Browse 3D-models of 1,711 M. tuberculosis protein structures.
As part of the effort at LPCDRP to understand mutations may contribute to clinically relevant phenotypes, we identified gene products poorly annotated in reference strain H37Rv and had their 3D-structures predicted and systematically compared using the I-TASSER suite, and our own analyses (see our recent pre-print). Click below to explore these genomic "dark regions" of M. tuberculosis through the predicted structure of the proteins they presumably encode.
Our structure-based annotation approach bypasses limitations of conventional sequence-based methods for finding proteins that either 1) are distantly related (homologs) or 2) have evolved convergently (analogs) to share form and function. Structural analogs are particularly interesting for an intracellular pathogen like M. tuberculosis and are a testament to the power of evolution. Analogs are invisible to sequence similarity based annotation methods, but when identified may reveal proteins that mimic host protein structure with yet undiscovered roles in manipulating host immunity. We identified a diverse array of such putative host-mimicry proteins in our recent manuscript that is currently undergoing peer review. We provide the predicted 3D structures of these proteins and over 1,700 others, along with their predicted binding sites, structurally similar PDB templates, predicted Gene Ontology terms, and Enzyme commission numbers. We consolidated confident inferences from structural similarity and annotations manually curated during a systematic literature review into an updated functional annotation of reference strain H37Rv. This reference annotation can be found on our GitLab in machine-readable (.gff) format, and will be continually updated internally and with help from the TB community in the form of merge requests and filing issues for candidate gene characterizations. We hope these resources help the greater Tuberculosis research community generate hypotheses for better understanding the many remaining mysteries of one of the world's most stealthy and pervasive pathogens.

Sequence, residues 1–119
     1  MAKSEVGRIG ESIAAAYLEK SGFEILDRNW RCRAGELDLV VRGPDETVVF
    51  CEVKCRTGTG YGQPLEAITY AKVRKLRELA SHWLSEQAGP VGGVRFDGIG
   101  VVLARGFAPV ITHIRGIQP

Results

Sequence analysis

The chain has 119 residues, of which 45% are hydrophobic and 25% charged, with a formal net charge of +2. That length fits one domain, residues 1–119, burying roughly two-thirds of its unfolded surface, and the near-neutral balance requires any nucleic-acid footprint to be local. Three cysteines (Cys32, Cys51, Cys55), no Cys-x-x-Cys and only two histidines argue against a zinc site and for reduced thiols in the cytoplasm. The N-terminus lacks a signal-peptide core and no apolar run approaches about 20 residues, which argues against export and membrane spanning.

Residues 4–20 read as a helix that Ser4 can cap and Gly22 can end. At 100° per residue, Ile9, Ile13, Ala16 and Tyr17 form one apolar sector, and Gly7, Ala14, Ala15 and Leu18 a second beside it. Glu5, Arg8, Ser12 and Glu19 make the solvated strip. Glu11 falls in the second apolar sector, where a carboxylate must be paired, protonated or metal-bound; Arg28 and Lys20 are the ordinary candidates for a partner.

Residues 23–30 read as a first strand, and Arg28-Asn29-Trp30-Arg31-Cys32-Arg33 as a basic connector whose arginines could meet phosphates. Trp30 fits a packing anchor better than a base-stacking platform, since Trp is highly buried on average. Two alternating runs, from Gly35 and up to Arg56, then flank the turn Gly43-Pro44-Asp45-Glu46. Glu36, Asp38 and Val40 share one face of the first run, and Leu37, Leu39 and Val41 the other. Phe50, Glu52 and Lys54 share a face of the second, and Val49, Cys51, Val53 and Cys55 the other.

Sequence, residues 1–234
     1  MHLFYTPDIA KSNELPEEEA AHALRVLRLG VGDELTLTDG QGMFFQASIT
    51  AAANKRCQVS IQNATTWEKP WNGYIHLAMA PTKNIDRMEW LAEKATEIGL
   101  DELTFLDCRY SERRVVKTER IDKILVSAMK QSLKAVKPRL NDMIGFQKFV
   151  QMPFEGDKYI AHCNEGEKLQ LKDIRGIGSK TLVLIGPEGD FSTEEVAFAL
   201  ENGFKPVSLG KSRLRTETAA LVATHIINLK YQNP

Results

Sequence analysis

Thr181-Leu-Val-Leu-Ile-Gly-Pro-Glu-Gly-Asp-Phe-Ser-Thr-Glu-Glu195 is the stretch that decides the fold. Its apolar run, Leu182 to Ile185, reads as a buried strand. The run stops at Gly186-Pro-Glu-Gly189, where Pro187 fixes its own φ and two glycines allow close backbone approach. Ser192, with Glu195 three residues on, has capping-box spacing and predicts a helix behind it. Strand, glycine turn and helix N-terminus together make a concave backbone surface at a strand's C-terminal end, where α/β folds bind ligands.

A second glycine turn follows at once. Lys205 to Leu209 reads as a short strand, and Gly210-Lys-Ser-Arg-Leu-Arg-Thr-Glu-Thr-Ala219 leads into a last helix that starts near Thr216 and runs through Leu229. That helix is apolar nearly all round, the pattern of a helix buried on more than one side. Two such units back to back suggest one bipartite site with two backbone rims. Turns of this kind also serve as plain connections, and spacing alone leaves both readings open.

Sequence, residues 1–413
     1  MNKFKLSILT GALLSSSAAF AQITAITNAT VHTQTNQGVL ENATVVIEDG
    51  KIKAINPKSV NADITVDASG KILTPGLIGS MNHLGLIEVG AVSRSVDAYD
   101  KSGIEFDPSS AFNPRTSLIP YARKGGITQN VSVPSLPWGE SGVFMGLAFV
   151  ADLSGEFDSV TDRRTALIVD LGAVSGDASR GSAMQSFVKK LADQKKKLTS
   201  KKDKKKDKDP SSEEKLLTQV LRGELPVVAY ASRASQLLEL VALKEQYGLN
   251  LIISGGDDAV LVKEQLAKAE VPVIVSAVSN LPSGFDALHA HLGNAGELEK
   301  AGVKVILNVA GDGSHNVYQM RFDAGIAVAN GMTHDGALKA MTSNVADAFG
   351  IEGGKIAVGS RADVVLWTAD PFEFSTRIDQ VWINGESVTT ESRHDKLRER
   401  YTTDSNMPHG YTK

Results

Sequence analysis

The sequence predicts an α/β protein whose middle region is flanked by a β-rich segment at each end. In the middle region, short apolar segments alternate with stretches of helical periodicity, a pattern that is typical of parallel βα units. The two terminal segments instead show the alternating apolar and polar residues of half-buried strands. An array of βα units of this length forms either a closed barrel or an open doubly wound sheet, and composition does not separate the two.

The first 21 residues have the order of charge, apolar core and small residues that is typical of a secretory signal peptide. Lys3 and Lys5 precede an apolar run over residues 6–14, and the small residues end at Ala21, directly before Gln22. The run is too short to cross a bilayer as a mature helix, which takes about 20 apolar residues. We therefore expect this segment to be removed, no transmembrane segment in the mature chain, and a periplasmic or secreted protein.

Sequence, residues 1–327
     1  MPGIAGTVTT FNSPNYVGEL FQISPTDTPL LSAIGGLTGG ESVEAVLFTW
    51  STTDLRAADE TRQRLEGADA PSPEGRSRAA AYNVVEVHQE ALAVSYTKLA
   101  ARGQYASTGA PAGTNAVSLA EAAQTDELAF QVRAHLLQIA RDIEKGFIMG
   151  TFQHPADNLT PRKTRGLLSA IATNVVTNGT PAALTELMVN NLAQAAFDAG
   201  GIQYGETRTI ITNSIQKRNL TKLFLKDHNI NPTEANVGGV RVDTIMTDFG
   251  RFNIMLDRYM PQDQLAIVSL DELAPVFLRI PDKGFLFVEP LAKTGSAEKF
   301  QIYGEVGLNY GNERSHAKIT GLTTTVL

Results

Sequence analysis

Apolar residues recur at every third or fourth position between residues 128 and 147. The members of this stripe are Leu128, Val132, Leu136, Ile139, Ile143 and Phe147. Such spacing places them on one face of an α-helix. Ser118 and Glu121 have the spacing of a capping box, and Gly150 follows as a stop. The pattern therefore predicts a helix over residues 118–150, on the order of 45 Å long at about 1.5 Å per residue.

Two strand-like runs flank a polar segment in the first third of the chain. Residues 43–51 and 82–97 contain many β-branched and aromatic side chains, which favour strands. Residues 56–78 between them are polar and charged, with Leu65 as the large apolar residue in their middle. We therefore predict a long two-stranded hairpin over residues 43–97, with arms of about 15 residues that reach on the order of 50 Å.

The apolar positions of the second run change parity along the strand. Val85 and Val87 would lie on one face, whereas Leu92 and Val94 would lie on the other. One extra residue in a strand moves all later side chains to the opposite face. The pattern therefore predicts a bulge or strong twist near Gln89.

Please visit the Zhang group's page for more information on the I-TASSER suite and for how to interpret various metrics.